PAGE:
Allow me to be a little preachy: Far too much time is wasted both on- and offline that distracts us from what’s happening and what really matters, namely living in the moment versus living vicariously, virtually or mindlessly running on auto-pilot. Alternatively, we must remember what it means to be fully human—time-limited as it is—by living with emotionally intelligent mindful awareness of our imminent demise. It isn’t hard to do.
When all is said and done, humankind’s most sacred duty is to embody goodness benefitting all sentient beings, which at heart consists of manifesting Life, Intelligence, Truth and Love in our thoughts, words, and deeds. There is no higher aim, no vaster problem, no greater purpose, no grander glory. And, in today’s mad-dash-paced world, perhaps no greater challenge.
Mindful awareness requires vigorously disengaging from our hypnotic state, and replacing it with conscious right thinking and action that emancipates us from the bondage of ignorance, fear and distraction. Only thusly unshackled can we ever begin exercising free will to make better choices that bring us more of what we want and less of what we don’t.
No matter how long your life, we are all just passing through. No one lives forever. Life is unapologetically short, and death the irremovable companion travelling with us throughout our lifetime. Here one second—poof!—gone the next.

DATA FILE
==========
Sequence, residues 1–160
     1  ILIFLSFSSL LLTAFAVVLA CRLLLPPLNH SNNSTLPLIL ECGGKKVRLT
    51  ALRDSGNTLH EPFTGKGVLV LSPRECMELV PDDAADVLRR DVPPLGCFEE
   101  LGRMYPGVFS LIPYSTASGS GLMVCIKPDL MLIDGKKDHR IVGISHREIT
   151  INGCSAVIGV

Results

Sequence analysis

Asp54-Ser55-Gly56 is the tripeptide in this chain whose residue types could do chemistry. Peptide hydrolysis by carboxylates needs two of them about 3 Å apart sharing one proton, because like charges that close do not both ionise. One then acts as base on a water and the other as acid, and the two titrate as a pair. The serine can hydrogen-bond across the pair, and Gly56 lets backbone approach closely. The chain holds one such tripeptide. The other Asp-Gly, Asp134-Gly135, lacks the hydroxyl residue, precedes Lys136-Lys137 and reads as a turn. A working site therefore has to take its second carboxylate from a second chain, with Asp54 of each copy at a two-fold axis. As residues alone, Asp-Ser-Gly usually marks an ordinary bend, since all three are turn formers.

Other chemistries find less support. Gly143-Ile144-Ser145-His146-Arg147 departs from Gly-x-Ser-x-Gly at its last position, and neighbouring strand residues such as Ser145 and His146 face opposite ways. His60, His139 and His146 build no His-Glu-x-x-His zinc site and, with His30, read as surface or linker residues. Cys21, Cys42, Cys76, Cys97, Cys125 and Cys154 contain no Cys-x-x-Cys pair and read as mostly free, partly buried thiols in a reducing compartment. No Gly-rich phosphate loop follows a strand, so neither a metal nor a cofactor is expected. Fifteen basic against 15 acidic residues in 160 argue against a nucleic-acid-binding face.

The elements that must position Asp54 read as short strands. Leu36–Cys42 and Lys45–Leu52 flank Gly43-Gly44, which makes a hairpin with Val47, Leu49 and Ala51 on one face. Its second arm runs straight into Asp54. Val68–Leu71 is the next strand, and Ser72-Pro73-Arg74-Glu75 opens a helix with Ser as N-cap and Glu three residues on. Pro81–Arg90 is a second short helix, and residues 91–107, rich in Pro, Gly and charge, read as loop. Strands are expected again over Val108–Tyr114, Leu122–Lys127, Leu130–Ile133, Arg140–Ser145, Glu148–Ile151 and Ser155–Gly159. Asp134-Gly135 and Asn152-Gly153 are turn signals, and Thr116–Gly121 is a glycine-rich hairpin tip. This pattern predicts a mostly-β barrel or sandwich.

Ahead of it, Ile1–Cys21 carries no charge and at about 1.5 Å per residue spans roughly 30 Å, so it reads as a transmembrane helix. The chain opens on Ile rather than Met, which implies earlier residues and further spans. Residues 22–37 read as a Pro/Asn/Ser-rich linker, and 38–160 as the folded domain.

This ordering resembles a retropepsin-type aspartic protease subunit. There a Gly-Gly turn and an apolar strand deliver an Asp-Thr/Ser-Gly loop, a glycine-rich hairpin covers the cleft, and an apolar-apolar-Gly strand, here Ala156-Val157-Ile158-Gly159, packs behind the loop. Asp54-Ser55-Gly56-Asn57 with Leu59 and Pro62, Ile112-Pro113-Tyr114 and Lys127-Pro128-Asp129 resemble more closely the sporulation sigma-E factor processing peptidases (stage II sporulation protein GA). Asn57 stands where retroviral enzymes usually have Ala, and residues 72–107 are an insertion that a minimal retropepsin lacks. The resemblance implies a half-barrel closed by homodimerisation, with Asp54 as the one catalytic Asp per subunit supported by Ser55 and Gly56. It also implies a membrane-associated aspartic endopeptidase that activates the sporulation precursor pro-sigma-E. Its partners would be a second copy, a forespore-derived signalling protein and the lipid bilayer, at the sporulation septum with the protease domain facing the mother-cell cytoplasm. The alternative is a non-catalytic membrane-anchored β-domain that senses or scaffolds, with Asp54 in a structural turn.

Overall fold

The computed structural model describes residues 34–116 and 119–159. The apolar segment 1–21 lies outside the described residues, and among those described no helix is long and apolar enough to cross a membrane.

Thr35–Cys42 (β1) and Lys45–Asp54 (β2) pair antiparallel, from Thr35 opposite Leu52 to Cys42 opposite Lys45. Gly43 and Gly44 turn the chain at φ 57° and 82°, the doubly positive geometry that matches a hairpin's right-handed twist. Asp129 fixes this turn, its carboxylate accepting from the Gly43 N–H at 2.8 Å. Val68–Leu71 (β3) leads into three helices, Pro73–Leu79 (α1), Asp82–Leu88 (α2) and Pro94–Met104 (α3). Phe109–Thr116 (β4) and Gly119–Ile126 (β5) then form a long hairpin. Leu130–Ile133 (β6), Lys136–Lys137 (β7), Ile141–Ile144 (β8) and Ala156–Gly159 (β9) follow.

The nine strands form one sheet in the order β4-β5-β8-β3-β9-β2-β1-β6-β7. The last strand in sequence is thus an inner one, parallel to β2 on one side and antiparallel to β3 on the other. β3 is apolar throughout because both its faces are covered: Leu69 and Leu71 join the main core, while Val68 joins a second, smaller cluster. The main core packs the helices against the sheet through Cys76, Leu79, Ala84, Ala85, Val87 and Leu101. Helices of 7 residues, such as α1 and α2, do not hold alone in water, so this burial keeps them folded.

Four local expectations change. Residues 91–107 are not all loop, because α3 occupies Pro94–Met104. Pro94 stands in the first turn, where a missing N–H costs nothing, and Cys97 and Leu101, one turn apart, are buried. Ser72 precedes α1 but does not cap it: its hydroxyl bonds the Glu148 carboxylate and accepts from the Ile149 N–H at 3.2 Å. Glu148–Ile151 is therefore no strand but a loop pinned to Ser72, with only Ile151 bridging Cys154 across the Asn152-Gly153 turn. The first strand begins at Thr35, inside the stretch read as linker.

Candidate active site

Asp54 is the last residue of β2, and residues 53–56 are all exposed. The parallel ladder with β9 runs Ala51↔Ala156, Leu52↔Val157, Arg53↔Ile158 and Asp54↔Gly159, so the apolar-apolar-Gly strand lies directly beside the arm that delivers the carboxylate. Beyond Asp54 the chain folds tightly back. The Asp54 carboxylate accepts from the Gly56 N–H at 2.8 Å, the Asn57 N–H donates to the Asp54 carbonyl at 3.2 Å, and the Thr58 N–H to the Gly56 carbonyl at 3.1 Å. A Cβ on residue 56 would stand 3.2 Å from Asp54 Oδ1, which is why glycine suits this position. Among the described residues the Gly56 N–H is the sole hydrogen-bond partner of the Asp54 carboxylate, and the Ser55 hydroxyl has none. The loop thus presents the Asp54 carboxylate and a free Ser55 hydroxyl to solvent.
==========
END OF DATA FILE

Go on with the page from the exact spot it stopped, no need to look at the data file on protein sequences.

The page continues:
While it may sound cliché, you never know when your time will be up. Death can come to anyone without warning. At best, life is uncertain and death inescapable. This is what makes death the only wise advisor we have. The evidence speaks for itself: There are no survivors on this earth!
Believe it, accept it, be here now and make a choice and commitment to wake up and mindfully live your life before your death touches you. Make it your habit to live and love like there’s no tomorrow because—while our personal expiration date is as yet unknown and hopefully far-off—it’s an inevitability for every single one of us. Knowing we’re here for only a short while gives us all the more reason to make every act count.
There is no guarantee that you will live another minute.
Let yours be a good life, justly lived and well loved, by taking intelligent risks and by reaching out to others with unconditional love, compassion and understanding. Spend time with those you love, and shower them with hugs and kisses. Bestow the milk of human kindness to strangers in passing through a warm smile or friendly greeting. Never miss a chance to engage in acts of unselfish decency.
Do the things you love. When opportunity knocks and you’re hesitant, thump yourself on the head while asking aloud, “What on earth am I waiting for?” Then push and keep on pushing against any fear or resistance until you break through it.